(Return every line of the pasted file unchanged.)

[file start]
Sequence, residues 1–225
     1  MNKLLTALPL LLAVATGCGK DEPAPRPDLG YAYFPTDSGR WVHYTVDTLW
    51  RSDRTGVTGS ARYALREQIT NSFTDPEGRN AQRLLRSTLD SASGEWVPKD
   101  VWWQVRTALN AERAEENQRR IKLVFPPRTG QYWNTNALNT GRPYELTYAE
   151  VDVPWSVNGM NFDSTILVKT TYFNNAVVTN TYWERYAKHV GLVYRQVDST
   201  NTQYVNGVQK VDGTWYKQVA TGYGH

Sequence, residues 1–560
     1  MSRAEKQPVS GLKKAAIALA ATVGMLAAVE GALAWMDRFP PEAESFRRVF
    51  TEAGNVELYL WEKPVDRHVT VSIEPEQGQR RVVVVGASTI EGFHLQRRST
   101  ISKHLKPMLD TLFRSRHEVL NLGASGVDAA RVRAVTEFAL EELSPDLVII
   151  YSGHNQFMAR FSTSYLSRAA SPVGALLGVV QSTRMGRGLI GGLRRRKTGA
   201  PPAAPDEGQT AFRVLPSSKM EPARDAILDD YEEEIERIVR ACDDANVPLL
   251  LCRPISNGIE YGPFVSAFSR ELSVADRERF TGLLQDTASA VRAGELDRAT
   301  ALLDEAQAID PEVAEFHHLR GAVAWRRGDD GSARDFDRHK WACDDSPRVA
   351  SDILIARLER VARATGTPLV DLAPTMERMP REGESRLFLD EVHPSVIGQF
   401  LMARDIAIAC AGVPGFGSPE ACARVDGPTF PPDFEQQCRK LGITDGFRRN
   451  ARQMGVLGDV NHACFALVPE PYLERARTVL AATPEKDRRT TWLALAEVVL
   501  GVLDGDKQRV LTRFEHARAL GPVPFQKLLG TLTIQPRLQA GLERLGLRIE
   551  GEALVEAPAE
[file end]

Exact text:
Sequence, residues 1–225
     1  MNKLLTALPL LLAVATGCGK DEPAPRPDLG YAYFPTDSGR WVHYTVDTLW
    51  RSDRTGVTGS ARYALREQIT NSFTDPEGRN AQRLLRSTLD SASGEWVPKD
   101  VWWQVRTALN AERAEENQRR IKLVFPPRTG QYWNTNALNT GRPYELTYAE
   151  VDVPWSVNGM NFDSTILVKT TYFNNAVVTN TYWERYAKHV GLVYRQVDST
   201  NTQYVNGVQK VDGTWYKQVA TGYGH

Sequence, residues 1–560
     1  MSRAEKQPVS GLKKAAIALA ATVGMLAAVE GALAWMDRFP PEAESFRRVF
    51  TEAGNVELYL WEKPVDRHVT VSIEPEQGQR RVVVVGASTI EGFHLQRRST
   101  ISKHLKPMLD TLFRSRHEVL NLGASGVDAA RVRAVTEFAL EELSPDLVII
   151  YSGHNQFMAR FSTSYLSRAA SPVGALLGVV QSTRMGRGLI GGLRRRKTGA
   201  PPAAPDEGQT AFRVLPSSKM EPARDAILDD YEEEIERIVR ACDDANVPLL
   251  LCRPISNGIE YGPFVSAFSR ELSVADRERF TGLLQDTASA VRAGELDRAT
   301  ALLDEAQAID PEVAEFHHLR GAVAWRRGDD GSARDFDRHK WACDDSPRVA
   351  SDILIARLER VARATGTPLV DLAPTMERMP REGESRLFLD EVHPSVIGQF
   401  LMARDIAIAC AGVPGFGSPE ACARVDGPTF PPDFEQQCRK LGITDGFRRN
   451  ARQMGVLGDV NHACFALVPE PYLERARTVL AATPEKDRRT TWLALAEVVL
   501  GVLDGDKQRV LTRFEHARAL GPVPFQKLLG TLTIQPRLQA GLERLGLRIE
   551  GEALVEAPAE